Camden


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Cam·den

 (kăm′dən)
1. A city of western New Jersey on the Delaware River opposite Philadelphia.
2. A city of central South Carolina northeast of Columbia. The Battle of Camden (August 16, 1780) was a major defeat for the Americans in the Revolutionary War.

Camden

(ˈkæmdən)
n
(Placename) a borough of N Greater London. Pop: 210 700 (2003 est). Area: 21 sq km (8 sq miles)

Camden

(ˈkæmdən)
n
(Biography) William. 1551–1623, English antiquary and historian; author of Britannia (1586)

Cam•den

(ˈkæm dən)

n.
1. a borough of Greater London, England. 184,900.
2. a port in SW New Jersey, on the Delaware River opposite Philadelphia. 82,180.
ThesaurusAntonymsRelated WordsSynonymsLegend:
Noun1.Camden - a city in southwestern New Jersey on the Delaware River near Philadelphia
Garden State, Jersey, New Jersey, NJ - a Mid-Atlantic state on the Atlantic; one of the original 13 colonies
References in classic literature ?
One of these commissions took him into the neighborhood of Camden Town.
The office was closed in a twinkling, and the clerk, with the long ends of his white comforter dangling below his waist (for he boasted no great-coat), went down a slide on Cornhill, at the end of a lane of boys, twenty times, in honour of its being Christmas Eve, and then ran home to Camden Town as hard as he could pelt, to play at blindman's-buff.
The time he had mentioned was more than out, and he lived in a little street near the Veterinary College at Camden Town, which was principally tenanted, as one of our clerks who lived in that direction informed me, by gentlemen students, who bought live donkeys, and made experiments on those quadrupeds in their private apartments.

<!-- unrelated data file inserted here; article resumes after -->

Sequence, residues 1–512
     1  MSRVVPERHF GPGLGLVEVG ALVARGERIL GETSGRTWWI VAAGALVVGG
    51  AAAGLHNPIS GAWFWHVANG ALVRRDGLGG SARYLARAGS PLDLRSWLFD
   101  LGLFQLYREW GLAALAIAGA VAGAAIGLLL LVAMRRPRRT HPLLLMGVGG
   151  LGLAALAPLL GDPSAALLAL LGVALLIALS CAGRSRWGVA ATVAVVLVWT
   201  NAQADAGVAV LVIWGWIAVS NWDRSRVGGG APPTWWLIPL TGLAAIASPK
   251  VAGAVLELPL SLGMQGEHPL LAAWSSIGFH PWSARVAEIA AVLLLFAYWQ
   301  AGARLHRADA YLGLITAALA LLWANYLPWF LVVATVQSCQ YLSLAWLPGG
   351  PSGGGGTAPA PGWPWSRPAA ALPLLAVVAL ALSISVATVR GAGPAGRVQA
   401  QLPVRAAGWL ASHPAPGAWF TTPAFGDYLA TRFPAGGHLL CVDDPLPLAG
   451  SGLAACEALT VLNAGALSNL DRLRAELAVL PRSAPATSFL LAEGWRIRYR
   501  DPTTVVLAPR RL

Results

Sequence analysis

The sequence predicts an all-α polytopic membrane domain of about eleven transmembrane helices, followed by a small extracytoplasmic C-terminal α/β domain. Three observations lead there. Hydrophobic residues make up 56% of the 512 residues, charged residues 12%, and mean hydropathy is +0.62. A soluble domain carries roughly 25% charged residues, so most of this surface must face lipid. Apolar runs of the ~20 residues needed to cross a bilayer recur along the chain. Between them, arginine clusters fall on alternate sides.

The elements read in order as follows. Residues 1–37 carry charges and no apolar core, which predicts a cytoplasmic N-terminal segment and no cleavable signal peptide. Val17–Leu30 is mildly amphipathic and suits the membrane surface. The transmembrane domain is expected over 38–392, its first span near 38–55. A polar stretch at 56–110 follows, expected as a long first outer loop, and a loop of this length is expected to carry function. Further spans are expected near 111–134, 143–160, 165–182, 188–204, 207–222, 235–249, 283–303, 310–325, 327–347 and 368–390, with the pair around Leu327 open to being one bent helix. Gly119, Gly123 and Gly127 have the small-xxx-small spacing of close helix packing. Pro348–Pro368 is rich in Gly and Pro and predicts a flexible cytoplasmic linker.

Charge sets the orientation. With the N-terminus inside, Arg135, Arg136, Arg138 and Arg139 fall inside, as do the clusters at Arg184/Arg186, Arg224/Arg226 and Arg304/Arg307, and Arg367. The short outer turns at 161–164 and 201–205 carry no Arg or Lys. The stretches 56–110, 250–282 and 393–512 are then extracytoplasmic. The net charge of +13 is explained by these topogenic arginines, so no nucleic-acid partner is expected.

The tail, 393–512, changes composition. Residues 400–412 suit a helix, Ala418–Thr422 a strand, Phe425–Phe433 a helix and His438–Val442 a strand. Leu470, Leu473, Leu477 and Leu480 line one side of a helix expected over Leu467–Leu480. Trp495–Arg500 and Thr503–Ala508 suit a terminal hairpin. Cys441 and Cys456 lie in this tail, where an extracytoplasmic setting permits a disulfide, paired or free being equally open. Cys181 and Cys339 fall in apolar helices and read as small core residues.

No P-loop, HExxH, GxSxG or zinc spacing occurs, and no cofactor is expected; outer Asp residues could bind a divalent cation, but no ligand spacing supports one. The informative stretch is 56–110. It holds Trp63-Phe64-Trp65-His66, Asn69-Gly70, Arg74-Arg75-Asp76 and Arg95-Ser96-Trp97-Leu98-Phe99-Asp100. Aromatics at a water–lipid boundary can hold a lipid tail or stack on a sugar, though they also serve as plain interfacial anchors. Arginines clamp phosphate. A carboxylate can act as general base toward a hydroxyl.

Then there was General Gates, who afterward gained great renown at Saratoga, and lost it again at Camden.
Their concerns had been sunk under those of Uppercross; and when Lady Russell reverted to their former hopes and fears, and spoke her satisfaction in the house in Camden Place, which had been taken, and her regret that Mrs Clay should still be with them, Anne would have been ashamed to have it known how much more she was thinking of Lyme and Louisa Musgrove, and all her acquaintance there; how much more interesting to her was the home and the friendship of the Harvilles and Captain Benwick, than her own father's house in Camden Place, or her own sister's intimacy with Mrs Clay.
We are in Camden House, which stands opposite to our own old quarters.
Camden Farebrother, whom Lydgate went to see the next evening, lived in an old parsonage, built of stone, venerable enough to match the church which it looked out upon.
Camden Hotton, London, 1873) this view of the sentiments receives a
At Westminster School he received a permanent bent toward classical studies from the headmaster, William Camden, who was one of the greatest scholars of the time.
By the time they had left Camden Town behind, the policemen were nearly asleep; at least, they gave something like a jump as Valentin leapt erect, struck a hand on each man's shoulder, and shouted to the driver to stop.
To be sure it is,' replied Fagin; 'and you can have a few good beats chalked out in Camden Town, and Battle Bridge, and neighborhoods like that, where they're always going errands; and you can upset as many kinchins as you want, any hour in the day.
He lies concealed in a wretched lodging in Camden Town," said Heyling.